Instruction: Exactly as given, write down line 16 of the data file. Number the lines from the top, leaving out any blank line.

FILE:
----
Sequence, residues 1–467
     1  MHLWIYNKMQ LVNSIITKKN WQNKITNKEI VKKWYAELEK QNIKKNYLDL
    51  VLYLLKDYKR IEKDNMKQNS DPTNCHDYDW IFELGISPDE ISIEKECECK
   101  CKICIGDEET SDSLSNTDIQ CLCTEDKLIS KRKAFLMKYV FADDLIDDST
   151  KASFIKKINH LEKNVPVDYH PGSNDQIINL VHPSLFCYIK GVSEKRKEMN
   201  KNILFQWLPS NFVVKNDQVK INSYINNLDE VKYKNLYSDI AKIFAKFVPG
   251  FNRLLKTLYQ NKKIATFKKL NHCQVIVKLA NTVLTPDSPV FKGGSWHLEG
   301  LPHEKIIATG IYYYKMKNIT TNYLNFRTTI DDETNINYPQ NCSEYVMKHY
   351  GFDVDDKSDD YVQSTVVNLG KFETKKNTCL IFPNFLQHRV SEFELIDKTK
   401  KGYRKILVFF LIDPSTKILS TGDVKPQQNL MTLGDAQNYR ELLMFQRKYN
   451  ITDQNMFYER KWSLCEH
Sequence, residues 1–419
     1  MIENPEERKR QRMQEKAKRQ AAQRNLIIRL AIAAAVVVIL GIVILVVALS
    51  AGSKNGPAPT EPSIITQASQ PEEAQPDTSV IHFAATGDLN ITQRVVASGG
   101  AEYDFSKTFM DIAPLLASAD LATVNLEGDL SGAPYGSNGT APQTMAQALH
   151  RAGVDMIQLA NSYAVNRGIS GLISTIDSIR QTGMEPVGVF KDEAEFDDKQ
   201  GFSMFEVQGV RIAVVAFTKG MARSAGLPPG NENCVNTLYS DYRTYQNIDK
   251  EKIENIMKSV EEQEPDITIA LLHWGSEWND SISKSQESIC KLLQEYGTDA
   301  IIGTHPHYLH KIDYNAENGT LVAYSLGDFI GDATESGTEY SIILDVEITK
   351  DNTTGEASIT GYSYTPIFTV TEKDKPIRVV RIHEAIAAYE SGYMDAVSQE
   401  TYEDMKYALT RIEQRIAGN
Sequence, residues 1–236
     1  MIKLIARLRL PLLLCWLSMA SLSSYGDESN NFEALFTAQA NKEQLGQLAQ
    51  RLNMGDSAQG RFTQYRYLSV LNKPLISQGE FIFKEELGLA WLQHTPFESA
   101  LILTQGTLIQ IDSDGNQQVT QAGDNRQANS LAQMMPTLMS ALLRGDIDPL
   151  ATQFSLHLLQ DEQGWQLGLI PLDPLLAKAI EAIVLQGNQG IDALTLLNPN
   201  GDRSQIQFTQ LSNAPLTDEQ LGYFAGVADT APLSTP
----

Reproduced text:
   151  RAGVDMIQLA NSYAVNRGIS GLISTIDSIR QTGMEPVGVF KDEAEFDDKQ